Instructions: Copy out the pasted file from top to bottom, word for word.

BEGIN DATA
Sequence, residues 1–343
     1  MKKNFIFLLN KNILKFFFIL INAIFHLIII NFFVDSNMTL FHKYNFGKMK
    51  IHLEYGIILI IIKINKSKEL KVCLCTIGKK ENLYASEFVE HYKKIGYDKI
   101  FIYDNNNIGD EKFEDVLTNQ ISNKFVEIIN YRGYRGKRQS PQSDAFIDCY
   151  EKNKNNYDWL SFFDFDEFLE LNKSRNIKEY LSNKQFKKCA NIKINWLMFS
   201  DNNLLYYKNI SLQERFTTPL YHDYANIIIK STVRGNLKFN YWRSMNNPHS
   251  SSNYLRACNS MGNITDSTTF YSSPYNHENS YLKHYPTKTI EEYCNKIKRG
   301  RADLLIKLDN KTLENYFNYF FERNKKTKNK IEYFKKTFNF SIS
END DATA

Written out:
Sequence, residues 1–343
     1  MKKNFIFLLN KNILKFFFIL INAIFHLIII NFFVDSNMTL FHKYNFGKMK
    51  IHLEYGIILI IIKINKSKEL KVCLCTIGKK ENLYASEFVE HYKKIGYDKI
   101  FIYDNNNIGD EKFEDVLTNQ ISNKFVEIIN YRGYRGKRQS PQSDAFIDCY
   151  EKNKNNYDWL SFFDFDEFLE LNKSRNIKEY LSNKQFKKCA NIKINWLMFS
   201  DNNLLYYKNI SLQERFTTPL YHDYANIIIK STVRGNLKFN YWRSMNNPHS
   251  SSNYLRACNS MGNITDSTTF YSSPYNHENS YLKHYPTKTI EEYCNKIKRG
   301  RADLLIKLDN KTLENYFNYF FERNKKTKNK IEYFKKTFNF SIS